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post #748 of 1044 Old 11-28-2013, 07:41 AM
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If there is a difference it is after you pass the knee in the power to distortion curve.
And even then, biamping is only a solution if you are still very close to that knee. Given how little extra headroom it supplies, even granting its advocates' arguments, it will only eliminate the audible distortion if there isn't too much audible distortion to start with. It's the Goldilocks principle of amplification: it only really works if the distortion level is just right.

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post #749 of 1044 Old 11-28-2013, 08:43 AM
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Originally Posted by mcnarus View Post

And even then, biamping is only a solution if you are still very close to that knee. Given how little extra headroom it supplies, even granting its advocates' arguments, it will only eliminate the audible distortion if there isn't too much audible distortion to start with. It's the Goldilocks principle of amplification: it only really works if the distortion level is just right.
How do you know you are or are not "close to that knee?" What if I overshoot way past the knee? What will that sound like? And can your observation of such an effect be trusted since you lack total instrumentation?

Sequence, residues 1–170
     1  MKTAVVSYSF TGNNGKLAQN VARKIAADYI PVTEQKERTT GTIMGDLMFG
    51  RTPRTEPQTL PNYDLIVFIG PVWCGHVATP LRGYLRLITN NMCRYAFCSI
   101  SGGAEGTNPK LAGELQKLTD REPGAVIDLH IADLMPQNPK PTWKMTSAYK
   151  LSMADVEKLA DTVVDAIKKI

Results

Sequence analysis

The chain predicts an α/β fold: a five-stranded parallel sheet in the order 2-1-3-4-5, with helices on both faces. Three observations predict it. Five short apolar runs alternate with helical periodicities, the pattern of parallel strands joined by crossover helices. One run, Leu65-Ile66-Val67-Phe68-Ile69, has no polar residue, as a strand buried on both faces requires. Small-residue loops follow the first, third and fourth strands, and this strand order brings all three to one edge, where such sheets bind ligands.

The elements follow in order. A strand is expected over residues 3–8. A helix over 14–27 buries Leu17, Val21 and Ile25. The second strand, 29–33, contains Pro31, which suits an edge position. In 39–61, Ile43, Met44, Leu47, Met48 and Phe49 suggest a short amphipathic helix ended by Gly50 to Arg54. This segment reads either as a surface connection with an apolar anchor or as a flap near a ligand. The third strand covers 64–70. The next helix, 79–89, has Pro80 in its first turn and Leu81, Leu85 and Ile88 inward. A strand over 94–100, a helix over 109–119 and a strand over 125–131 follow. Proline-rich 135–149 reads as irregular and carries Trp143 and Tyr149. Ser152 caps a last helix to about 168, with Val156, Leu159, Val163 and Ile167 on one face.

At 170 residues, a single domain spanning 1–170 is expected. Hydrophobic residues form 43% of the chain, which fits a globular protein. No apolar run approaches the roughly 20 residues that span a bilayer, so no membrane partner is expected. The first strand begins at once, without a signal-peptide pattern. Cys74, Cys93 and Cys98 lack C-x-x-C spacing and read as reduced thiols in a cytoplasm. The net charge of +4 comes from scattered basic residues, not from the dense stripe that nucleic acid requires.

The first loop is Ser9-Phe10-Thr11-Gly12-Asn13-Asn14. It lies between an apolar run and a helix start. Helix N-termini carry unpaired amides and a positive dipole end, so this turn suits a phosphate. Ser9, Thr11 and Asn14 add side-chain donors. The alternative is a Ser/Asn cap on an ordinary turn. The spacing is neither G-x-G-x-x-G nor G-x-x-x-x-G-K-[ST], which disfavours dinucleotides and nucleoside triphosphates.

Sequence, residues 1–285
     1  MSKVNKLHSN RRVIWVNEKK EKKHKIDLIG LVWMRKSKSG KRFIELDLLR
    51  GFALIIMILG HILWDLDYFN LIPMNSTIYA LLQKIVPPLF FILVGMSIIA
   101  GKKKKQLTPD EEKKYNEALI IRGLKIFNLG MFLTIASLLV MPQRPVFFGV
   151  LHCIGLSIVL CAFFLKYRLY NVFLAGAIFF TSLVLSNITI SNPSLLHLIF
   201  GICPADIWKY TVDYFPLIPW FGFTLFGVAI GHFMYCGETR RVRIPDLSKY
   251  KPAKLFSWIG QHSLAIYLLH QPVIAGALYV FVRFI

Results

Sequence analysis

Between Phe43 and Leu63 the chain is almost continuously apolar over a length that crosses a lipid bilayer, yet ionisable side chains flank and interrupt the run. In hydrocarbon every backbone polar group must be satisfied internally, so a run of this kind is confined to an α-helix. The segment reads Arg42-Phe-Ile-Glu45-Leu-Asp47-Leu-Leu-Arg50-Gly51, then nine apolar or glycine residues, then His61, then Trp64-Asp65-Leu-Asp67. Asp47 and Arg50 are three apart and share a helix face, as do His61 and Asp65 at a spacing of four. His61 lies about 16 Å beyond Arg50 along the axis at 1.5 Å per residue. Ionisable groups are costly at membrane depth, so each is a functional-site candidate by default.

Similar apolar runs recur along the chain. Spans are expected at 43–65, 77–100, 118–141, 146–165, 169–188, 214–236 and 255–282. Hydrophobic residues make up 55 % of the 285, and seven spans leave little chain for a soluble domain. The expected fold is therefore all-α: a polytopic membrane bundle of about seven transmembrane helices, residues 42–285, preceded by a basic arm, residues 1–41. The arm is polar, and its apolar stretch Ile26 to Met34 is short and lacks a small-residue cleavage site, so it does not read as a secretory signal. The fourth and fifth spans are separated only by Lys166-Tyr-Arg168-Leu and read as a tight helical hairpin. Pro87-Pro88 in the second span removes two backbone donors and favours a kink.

Why do you think bi-amp works or doesn't work based on a simple graph using test signals and a composite THD+N number? Is it really this easy to determine the audible effects of distortion?

We are having a technical discussion guys. Please don't keep repeating your argument. We know the argument and I addressed it in my very first post in this thread. So let's not keep repeating the line this late in the game. Present explanation of circuit theory, and understanding of what it means for an amplifier to be pushed to the limit and then we can make forward progress.

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post #750 of 1044 Old 11-28-2013, 08:48 AM
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When connected to a loudspeaker, there is a load to sink power into at all frequencies (even if very small at some frequencies) - it is called a "passive crossover" - ever heard of it? Just because no power is reaching the driver at a particular frequency does NOT mean that the amplifier is not generating power at that frequency. Passive crossovers do not magically create an infinite impedance at all frequencies beyond the band pass. They use passive components - capacitors, inductors, and resistors to block power (yes, through high impedance), reflect power (through charging and returning power to the amplifier) and dissipate power (by converting power to heat).

Now I really am done with this thread.

Before you go, one honest question: what is the impedence for the crossover blocking the unwanted signal? If it's similar to the impedance of the woofer, then this is an extremely important point. I was led to believe the impedence was in fact materially different. ??